The weeklong holiday was created by Dr. Maulana Karenga in 1966. It celebrates seven fundamental and core values of Black people: Umoja (Unity), Kujichagulia (Self-determination), Ujima (Collective work and responsibility), Ujamaa (Cooperative economics), Nia (Purpose), Kuumba (Creativity), and Imani (Faith).

Although it is a celebration created in the late 20th century, it can be traced to time immemorial of Black people, as it celebrates the core value of our ancestors: the Ubuntu. Therefore, Kwanzaa is not only a cultural celebration but also a spiritual one.

The polemic against it this year involved Dinesh D’Souza’s resharing of a Twitter post from 2019, in which US Senator Elizabeth Warren tweeted Kwanzaa greetings.

A famous UK-based Nigerian biomedical scientist and Catholic anti-abortion activist, Dr. Obianuju Ekeocha, replied to her less than enthusiastically:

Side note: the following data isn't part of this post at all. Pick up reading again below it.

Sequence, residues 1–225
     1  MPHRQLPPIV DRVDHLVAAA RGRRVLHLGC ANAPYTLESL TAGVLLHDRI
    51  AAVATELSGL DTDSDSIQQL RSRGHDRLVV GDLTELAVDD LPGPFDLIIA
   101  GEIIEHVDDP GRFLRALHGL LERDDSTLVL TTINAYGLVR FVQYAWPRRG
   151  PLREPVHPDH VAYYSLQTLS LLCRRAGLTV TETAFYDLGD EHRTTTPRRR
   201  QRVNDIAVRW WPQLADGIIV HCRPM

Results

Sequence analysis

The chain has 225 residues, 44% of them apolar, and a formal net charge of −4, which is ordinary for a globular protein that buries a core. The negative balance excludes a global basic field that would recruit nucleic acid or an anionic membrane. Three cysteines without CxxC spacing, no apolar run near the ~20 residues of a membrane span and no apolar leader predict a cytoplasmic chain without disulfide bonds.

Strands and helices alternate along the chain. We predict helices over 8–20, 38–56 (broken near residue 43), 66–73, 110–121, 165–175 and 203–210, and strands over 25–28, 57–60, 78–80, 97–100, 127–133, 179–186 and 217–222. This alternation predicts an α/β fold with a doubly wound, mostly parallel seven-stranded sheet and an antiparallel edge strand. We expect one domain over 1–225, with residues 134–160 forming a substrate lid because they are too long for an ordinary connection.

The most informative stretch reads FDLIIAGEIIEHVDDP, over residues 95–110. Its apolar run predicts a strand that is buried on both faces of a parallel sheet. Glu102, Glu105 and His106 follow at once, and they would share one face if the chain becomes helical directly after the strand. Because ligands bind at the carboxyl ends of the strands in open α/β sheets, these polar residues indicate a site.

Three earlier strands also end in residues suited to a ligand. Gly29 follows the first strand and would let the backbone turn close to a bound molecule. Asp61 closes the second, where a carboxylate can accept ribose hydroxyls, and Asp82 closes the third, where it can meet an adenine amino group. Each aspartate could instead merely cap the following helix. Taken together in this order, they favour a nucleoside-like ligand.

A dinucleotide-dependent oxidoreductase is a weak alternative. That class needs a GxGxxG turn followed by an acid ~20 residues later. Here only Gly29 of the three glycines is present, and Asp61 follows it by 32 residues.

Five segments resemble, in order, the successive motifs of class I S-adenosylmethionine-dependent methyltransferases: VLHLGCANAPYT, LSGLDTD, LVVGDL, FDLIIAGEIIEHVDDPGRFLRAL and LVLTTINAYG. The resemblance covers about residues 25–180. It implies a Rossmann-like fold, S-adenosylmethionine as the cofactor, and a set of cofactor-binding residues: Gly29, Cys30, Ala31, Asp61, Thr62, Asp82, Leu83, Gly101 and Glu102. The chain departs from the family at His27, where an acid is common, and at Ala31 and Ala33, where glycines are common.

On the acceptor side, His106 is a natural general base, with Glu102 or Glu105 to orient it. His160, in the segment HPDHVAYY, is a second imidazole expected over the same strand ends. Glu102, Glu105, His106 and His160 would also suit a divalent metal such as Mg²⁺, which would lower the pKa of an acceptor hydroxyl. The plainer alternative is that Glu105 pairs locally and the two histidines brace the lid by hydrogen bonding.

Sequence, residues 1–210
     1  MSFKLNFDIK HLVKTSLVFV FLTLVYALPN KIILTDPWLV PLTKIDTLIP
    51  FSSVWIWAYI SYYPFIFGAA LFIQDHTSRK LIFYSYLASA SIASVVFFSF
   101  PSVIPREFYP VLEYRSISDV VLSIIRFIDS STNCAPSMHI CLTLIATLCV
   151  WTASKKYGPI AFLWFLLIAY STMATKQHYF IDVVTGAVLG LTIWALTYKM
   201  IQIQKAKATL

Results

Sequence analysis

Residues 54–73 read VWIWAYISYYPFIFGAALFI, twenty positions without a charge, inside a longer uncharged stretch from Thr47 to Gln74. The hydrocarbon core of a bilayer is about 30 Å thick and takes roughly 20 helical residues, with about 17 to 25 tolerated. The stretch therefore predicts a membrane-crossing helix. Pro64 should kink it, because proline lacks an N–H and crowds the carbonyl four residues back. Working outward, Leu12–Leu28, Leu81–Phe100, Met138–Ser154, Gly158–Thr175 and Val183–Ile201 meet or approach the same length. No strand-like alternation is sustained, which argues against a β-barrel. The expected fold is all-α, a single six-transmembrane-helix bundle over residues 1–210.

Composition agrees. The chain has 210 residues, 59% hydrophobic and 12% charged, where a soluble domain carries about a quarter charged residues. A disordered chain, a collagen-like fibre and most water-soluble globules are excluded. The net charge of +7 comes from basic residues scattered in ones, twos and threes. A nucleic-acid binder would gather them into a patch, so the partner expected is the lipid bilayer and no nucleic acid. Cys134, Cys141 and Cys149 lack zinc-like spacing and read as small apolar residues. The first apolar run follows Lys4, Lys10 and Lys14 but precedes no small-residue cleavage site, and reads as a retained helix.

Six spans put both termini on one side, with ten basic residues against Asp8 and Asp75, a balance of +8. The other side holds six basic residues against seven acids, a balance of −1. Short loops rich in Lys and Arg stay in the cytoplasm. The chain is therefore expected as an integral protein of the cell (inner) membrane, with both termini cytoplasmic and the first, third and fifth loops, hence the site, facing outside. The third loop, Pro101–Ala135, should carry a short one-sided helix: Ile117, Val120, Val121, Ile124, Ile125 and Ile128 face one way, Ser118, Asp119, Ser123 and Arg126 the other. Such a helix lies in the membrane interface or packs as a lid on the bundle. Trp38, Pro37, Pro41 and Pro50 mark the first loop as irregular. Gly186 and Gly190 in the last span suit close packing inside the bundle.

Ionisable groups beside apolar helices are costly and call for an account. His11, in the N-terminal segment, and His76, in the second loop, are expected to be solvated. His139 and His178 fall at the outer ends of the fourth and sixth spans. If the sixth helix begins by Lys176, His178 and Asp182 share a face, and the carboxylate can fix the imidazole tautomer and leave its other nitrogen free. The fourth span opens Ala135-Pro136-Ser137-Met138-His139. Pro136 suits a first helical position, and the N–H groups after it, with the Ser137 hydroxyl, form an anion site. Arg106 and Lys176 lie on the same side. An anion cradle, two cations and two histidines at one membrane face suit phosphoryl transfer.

The problem with such reactions is that they give our detractors a strong axe. It's evident that in this metaverse era, the joy of being retweeted or drawing people to our profiles is often stronger than sound reasoning. But when people who claim to be the moral guardians engage in such self-destructive projects, we have to question their motives.

Besides, even if those who take part in the celebration of Kwanzaa claimed that the feast came packaged from the motherland, where Obianuju has her roots, she would still be wrong to assume that being African gives one a complete knowledge of all African festivities. And implying that the entire African population shares one culture or feast is a colonial mentality.